Otherwise, it’s our usual mix of big names, highly-anticipated and respected movies, and a lot of discoveries. We have 23 films in competition, but 15 of the directors there are in competition for the first time. And if you look at the other sections, you can see there are lot of new discoveries. We have a real balance of great big names and new talents, as we have every year.

I have to ask why you decided to pick new films from both Roman Polanski [The Palace] and Woody Allen [Coup de Chance] in the official selection, out-of-competition?

It’s quite simple in a sense. I know the situation is tricky. But in the case of Polanski, we had to face the same situation three years ago, when we had Polanski in competition [with The Officer and the Spy]. I think that we have to make a distinction between the man and the artist. With Polanski, the man has acknowledged his bad behavior, he has apologized to his victim, the victim accepted the apology and has asked everyone to forget about the story. That is not happening, unfortunately. But I can’t be the judge of the man. I’m a festival director. I judge the quality of the films.

And Polanski is a great master, one of the last old great masters of European cinema. I don’t see any reason not to invite what could be his last work — though, I hope it isn’t. He’s only 93 years old, so he could go on making films, like Clint Eastwood or Manoel de Oliveira. But I don’t see any reason not to invite him. I’m ready to face the polemics again.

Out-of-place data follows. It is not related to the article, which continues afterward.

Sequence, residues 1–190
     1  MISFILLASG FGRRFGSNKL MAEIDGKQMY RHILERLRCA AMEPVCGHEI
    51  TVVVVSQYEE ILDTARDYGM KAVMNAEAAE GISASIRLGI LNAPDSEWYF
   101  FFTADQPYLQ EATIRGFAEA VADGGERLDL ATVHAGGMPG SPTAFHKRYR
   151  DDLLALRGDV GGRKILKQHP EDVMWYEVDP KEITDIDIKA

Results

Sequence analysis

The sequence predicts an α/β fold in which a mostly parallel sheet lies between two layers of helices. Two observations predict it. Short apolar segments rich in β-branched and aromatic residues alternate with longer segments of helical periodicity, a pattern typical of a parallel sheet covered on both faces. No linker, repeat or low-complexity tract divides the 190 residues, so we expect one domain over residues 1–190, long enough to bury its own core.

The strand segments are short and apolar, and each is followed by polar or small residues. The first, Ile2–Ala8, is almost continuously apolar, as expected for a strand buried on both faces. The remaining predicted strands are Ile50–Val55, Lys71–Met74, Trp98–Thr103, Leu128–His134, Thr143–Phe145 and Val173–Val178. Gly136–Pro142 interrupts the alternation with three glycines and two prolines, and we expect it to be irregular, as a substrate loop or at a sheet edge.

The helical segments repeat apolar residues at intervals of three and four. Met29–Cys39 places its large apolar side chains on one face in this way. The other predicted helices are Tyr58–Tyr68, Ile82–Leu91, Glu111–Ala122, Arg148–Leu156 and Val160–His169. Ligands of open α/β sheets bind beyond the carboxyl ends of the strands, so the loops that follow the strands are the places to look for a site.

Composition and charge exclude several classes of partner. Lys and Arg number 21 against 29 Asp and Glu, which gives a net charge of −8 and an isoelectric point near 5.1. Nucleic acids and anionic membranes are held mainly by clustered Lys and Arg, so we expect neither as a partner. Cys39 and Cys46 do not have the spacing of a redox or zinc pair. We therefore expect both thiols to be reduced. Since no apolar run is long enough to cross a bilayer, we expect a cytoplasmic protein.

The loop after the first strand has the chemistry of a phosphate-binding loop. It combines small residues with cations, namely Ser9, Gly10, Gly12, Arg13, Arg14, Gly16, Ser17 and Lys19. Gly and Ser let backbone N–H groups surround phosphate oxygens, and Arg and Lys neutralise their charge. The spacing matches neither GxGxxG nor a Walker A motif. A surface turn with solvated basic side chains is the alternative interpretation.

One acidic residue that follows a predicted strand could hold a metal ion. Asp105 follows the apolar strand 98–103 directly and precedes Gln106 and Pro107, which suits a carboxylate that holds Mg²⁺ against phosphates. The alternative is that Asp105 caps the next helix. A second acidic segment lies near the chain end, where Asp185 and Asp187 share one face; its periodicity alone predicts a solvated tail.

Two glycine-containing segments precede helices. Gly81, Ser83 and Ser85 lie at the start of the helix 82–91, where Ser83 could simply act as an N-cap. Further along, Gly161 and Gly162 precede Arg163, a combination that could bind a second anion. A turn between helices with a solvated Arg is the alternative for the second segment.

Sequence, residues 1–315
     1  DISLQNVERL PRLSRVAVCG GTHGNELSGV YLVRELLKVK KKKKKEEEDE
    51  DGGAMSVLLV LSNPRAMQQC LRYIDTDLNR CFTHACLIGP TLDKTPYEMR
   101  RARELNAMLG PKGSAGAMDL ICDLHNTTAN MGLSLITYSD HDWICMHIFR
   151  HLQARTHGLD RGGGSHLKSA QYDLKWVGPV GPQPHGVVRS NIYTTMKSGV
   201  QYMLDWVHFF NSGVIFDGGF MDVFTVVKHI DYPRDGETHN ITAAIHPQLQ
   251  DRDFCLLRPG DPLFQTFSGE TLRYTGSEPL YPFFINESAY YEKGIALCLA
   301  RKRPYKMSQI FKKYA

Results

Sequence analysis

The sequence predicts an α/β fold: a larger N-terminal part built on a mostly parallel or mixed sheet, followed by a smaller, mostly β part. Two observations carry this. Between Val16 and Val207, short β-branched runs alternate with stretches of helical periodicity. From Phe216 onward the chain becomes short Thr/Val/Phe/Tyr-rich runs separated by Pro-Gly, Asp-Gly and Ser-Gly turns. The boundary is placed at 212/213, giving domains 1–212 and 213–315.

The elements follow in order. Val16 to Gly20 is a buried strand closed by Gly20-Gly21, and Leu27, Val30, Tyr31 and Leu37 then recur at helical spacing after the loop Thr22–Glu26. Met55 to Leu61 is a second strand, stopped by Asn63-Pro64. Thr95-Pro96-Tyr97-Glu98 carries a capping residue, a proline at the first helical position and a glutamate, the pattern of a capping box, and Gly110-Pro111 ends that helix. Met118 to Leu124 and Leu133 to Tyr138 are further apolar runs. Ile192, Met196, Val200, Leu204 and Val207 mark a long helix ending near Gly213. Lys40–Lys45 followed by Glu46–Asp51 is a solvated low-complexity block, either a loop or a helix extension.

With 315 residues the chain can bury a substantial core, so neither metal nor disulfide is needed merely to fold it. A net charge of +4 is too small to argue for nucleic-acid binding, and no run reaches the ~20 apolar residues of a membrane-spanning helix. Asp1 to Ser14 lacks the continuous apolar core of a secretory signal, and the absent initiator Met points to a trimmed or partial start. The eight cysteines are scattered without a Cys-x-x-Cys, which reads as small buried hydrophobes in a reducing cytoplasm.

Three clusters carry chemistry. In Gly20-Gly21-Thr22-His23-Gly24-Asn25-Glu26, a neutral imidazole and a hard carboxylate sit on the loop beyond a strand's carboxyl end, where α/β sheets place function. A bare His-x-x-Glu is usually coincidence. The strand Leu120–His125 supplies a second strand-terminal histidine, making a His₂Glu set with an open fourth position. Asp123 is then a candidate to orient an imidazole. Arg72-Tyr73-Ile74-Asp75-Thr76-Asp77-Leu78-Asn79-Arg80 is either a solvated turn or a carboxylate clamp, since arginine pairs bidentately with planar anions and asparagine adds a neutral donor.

In the case of Woody Allen, [the accusations] are more than 20 years ago and have been dismissed [by authorities]. So, again, I don’t see any reasons to ban a film by Woody Allen from the festival. And it’s a very good movie, much better than the ones he’s done in the last dozen years or so. I’m happy to have him back in Venice.

Venice was instrumental in keeping the festival circuit going under COVID — you were the only major festival to be held in the midst of the first wave. What role do you see for the festival at the moment in reviving interest in theatergoing?

There was a major shift that happened during the pandemic. We have to remember, that the pandemic only ended about a year ago. Theaters only reopened a bit over a year ago. And we’ve had to convince people to go back to their old habits, to return to theaters. It wasn’t an easy process. It’s still a quite difficult and complicated situation. And the strike will not help, because it will mean some of the bigger films won’t be available for commercial release. The role of the festival is quite important because a festival like ours — like Cannes, like Berlin or Toronto — can help to inspire the desire to see movies in a cinema. I think it is already happening. The incredible success of Barbie and Oppenheimer shows that people are ready to get out of their own apartments and go to a theater if there are films that spark their interest. And the festivals can play a role in helping spark that interest.

Interview edited for length and clarity.